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Confederation of British Industry finds uncertainty about the new immigration system is causing big concerns for businesses

Summary:

Annual survey reveals many businesses fear they will not have access to the skills they need

Date of Publication:
24 December 2019

Confederation of British Industry finds uncertainty about the new immigration system is causing big concerns for businesses

24 December 2019
EIN

The Confederation of British Industry (CBI) said last week that its annual survey found uncertainty about the new immigration system is weighing heavily on businesses minds.

According to the Financial Times, businesses expressed concern that a tougher immigration policy after Brexit will mean that they cannot hire workers with the skills they need or fill low-paid jobs.

The CBI found over 70% of the businesses surveyed feared they would not have access to the skills they need and they identified this as the main threat to the UK's labour market competitiveness.

Around half of businesses identified concerns over access to labour and the ability to move UK workers across the EU.

In addition, almost 60% of the businesses surveyed said they would be negatively impacted if the new immigration system is introduced before it is simplified so that businesses can actually use it.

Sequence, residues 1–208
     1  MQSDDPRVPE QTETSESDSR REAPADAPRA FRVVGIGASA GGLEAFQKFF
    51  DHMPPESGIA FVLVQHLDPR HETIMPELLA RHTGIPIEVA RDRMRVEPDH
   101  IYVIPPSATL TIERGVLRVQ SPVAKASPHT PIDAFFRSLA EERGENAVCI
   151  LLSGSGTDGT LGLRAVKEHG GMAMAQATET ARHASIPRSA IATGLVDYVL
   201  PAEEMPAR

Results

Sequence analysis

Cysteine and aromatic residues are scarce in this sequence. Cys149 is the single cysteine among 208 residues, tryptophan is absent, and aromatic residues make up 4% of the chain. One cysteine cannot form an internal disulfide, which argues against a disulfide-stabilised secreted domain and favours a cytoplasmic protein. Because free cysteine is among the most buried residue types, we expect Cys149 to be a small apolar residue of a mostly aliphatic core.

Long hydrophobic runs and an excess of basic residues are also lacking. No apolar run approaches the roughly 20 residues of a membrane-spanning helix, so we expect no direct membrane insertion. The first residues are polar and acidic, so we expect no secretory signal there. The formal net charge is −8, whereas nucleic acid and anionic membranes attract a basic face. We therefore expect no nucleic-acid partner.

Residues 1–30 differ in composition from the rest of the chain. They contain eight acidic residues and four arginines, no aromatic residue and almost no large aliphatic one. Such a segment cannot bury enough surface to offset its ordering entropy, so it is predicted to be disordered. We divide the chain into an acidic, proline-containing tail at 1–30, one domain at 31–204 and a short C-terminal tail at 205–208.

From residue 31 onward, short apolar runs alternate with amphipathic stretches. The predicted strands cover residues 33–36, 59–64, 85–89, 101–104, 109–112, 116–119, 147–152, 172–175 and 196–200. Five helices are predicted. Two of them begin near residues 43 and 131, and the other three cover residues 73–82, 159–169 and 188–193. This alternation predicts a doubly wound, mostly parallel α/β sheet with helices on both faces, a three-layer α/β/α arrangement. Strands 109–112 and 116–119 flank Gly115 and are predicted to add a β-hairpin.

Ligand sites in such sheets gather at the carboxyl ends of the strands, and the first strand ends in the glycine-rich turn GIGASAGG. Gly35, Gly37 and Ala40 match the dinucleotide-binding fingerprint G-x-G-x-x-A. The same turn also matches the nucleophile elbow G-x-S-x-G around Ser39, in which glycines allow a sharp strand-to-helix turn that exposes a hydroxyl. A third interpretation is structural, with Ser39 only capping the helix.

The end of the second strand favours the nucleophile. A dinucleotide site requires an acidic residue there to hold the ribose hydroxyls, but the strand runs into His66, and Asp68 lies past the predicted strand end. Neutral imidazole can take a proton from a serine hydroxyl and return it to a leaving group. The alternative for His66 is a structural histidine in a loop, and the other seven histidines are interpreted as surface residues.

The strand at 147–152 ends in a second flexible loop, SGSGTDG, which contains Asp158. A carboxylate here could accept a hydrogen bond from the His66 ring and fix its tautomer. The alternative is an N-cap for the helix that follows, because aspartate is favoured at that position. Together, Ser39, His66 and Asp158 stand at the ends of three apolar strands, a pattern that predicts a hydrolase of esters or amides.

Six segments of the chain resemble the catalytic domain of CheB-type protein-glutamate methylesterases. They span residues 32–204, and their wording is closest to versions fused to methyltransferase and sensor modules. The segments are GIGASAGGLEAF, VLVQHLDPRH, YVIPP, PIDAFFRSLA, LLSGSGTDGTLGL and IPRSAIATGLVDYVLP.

Reuters noted that the CBI also found 65% of businesses surveyed believe Britain's labour market had become a less attractive place in which to invest and do business over the past five years.

Matthew Fell, the CBI's Chief UK Policy Director, said: "The UK's labour market has remained remarkably resilient in the face of tougher economic conditions and uncertainty. But job growth is showing signs of tailing off and businesses are becoming more concerned about the competitiveness of the UK labour market.

"It's clear what's weighing heavy on businesses minds is uncertainty about the new immigration system. Businesses believe that this can both support the economy and restore the public's confidence that immigration is controlled. A strong partnership between business and government is essential to doing so. Whatever the final shape of the new immigration system, it needs to be simple from its first day of introduction and allow firms to access both the labour and skills they need to grow."

In an article for The Times last month, Matthew Fell warned that rushing in a new immigration system would be rash and getting it right first time is crucial.

Fell said workers from overseas, particularly the EU, make a hugely significant contribution to the UK, and it is important for public finances and public services that this continues.

"For business, allowing firms to access the people and skills they need is as important as forging our future trading relationship with the EU, the UK's biggest trading partner by far. Yet alarmingly for companies across the UK, scant details exist about how this might work in practice," Fell added.